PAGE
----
Go Back   MacRumors Forums > Apple Systems and Services > Programming > Mac Programming

Reply
 
Thread Tools Search this Thread Display Modes
Old Jan 19, 2007, 01:19 AM   #1
NsK
macrumors member
 
Join Date: Dec 2006
Im Pc switcher...Alternative of TextPad???

I just switched from pc to mac...I used to use TextPad on pc to do my homework for java programming...i find it very easy to use as it can compile and run within the program.....unfortunately, TextPad doesn't exist for mac but is there anything similar to it for Mac....simple program that does the job. I just try Eclipse and it looks complicated for nothing...anything more simple??? what about textwrangler??? one thing I like about TextPad is its color coded and it also says what kinds of errors its happening...

Last edited by NsK; Jan 19, 2007 at 01:24 AM.
NsK is offline   0 Reply With Quote
Old Jan 19, 2007, 01:35 AM   #2
tominated
macrumors 68000
 
tominated's Avatar
 
Join Date: Jul 2006
Location: Queensland, Australia
textwrangler and textmate should work. i would get textmate tho (u have to pay)
__________________
20" iMac Core Duo
13" 2.26Ghz MBP
Upgraded to 4GB RAM & 500GB HDD

Last edited by annk; Oct 13, 2009 at 04:16 PM. Reason: Removed quote of OP
tominated is offline   0 Reply With Quote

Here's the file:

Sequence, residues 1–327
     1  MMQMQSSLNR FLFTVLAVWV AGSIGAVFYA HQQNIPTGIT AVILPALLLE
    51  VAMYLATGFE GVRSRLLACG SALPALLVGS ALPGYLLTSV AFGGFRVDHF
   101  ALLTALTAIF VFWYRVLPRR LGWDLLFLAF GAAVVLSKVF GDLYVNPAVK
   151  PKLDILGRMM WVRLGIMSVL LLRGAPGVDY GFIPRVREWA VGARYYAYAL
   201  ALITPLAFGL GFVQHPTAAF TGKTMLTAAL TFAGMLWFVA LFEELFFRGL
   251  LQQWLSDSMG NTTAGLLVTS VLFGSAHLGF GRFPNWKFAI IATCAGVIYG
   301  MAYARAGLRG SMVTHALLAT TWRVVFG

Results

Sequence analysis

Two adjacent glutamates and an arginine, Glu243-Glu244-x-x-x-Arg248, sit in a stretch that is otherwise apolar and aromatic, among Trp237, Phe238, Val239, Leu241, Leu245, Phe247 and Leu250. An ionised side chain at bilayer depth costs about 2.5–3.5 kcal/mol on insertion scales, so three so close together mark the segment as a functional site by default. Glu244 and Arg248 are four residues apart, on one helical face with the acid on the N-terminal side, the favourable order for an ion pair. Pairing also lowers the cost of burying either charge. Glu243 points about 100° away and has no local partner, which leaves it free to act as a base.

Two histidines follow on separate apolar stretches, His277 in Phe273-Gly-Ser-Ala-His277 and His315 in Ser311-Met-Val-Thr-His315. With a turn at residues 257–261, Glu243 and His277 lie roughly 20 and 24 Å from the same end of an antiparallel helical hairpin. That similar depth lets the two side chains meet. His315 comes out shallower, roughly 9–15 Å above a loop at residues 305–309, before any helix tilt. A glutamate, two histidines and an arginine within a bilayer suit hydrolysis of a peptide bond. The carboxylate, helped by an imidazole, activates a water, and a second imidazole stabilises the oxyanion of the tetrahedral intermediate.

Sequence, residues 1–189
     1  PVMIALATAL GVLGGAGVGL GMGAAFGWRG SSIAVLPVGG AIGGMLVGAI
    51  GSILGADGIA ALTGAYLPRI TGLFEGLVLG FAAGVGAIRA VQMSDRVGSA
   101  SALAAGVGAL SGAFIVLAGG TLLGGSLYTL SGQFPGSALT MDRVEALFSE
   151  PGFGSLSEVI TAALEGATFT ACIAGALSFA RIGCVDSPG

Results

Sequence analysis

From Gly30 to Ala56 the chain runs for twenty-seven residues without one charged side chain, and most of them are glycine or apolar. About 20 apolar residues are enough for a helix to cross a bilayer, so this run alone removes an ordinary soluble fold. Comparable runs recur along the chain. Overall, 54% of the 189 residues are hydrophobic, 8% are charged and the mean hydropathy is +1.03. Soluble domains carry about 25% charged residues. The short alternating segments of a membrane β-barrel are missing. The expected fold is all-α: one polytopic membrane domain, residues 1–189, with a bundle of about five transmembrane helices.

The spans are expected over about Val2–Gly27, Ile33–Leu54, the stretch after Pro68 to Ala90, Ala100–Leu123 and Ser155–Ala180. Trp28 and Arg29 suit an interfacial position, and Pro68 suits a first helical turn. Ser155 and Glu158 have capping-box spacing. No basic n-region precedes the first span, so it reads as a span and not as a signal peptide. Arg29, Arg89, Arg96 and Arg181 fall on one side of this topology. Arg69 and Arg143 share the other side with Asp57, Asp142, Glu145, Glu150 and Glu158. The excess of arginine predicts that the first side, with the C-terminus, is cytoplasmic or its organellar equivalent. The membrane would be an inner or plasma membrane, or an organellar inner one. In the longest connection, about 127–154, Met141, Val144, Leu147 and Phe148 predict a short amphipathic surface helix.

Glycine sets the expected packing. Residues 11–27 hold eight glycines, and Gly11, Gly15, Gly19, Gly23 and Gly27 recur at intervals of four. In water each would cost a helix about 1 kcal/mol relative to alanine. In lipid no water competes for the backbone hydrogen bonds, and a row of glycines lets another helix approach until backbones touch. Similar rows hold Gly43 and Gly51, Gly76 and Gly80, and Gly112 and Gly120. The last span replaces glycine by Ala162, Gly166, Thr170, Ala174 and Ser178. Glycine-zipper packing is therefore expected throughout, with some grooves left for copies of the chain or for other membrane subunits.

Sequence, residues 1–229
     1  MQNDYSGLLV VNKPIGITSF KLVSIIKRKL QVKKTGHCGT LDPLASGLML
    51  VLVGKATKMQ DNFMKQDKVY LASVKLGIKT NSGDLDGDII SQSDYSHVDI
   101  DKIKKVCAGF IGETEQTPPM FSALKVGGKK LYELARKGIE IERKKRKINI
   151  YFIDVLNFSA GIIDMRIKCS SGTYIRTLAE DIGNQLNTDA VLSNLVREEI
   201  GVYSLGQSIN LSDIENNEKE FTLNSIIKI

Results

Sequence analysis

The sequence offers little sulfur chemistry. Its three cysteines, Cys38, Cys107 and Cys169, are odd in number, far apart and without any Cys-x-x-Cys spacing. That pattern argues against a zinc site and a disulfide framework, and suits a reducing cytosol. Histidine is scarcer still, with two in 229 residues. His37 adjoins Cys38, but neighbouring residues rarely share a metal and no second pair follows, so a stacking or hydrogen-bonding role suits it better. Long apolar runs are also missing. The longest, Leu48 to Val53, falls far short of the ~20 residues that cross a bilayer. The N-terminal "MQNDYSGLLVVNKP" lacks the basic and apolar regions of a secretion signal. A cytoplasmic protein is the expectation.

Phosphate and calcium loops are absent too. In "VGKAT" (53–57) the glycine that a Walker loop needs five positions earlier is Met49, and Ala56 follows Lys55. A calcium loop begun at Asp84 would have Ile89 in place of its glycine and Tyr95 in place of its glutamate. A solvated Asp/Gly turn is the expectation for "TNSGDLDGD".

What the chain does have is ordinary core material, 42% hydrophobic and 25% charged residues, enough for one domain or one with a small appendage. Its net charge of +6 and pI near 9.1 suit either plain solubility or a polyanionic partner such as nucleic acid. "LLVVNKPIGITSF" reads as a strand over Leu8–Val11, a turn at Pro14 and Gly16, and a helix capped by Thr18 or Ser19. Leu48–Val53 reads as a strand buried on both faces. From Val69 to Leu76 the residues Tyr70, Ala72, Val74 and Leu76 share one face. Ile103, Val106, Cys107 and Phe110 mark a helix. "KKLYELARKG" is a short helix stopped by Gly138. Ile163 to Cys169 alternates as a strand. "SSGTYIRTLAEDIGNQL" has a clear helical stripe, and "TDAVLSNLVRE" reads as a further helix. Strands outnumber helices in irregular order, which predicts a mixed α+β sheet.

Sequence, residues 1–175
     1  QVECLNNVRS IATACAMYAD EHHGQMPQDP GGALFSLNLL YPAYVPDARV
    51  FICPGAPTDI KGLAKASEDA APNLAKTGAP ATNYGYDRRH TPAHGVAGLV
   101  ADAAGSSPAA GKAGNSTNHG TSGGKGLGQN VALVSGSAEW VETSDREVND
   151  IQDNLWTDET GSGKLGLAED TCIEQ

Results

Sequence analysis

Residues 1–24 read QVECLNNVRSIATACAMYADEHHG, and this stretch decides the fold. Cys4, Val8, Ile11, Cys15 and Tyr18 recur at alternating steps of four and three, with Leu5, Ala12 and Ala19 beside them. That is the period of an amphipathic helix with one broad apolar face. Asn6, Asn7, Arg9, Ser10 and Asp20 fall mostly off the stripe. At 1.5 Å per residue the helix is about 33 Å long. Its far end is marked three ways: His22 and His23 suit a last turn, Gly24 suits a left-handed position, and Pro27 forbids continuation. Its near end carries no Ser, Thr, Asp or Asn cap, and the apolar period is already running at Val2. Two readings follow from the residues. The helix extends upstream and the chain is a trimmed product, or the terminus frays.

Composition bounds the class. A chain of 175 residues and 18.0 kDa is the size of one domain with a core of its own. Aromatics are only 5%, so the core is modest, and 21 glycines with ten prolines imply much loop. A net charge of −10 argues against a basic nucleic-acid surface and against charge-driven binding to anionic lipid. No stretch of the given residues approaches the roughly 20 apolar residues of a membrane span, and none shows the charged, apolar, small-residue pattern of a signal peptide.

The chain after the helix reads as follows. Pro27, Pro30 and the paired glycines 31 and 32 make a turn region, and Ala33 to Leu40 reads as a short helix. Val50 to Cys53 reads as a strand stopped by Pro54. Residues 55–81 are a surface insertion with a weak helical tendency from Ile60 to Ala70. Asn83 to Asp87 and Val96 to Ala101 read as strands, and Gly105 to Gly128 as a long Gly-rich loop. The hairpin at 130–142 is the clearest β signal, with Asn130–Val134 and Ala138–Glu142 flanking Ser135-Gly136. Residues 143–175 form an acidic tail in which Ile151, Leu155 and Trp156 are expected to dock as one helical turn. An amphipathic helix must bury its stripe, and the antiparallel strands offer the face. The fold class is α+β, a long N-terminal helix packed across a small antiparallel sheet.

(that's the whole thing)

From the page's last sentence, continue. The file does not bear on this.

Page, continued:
Old Jan 19, 2007, 03:24 AM   #3
TEG
macrumors 604
 
TEG's Avatar
 
Join Date: Jan 2002
Location: Langley, Washington
Send a message via ICQ to TEG Send a message via AIM to TEG Send a message via MSN to TEG Send a message via Yahoo to TEG Send a message via Skype™ to TEG
Best thing to use for JAVA programming is jGrasp. It is multi platform, will allow you to run you app within it and can be set to assist with formatting.

You could also utilize Terminal, and from that use the UNIX 'vi' app. It is very simple, although some of the editing codes take a little getting used to, but I use it in places you aren't allowed to install your own apps.

TEG
__________________
Apple and Dell are the only ones in this industry making money. They make it by being Wal-Mart. We make it by innovation, - Steve Jobs
The Tegian Zone-Glass Onion Radio
TEG is offline   0 Reply With Quote
Old Jan 19, 2007, 03:29 AM   #4
Mitthrawnuruodo
Moderator
 
Mitthrawnuruodo's Avatar
 
Join Date: Mar 2004
Location: Bergen, Norway
I prefer TextWrangler (best free all-purpose text editor, IMO) and Terminal for most things myself, but if you want a very basic IDE, then try BlueJ.
__________________
Those who fail to learn history are doomed to repeat it; those who fail to learn history correctly... why, they are simply doomed.
Mitthrawnuruodo is offline   0 Reply With Quote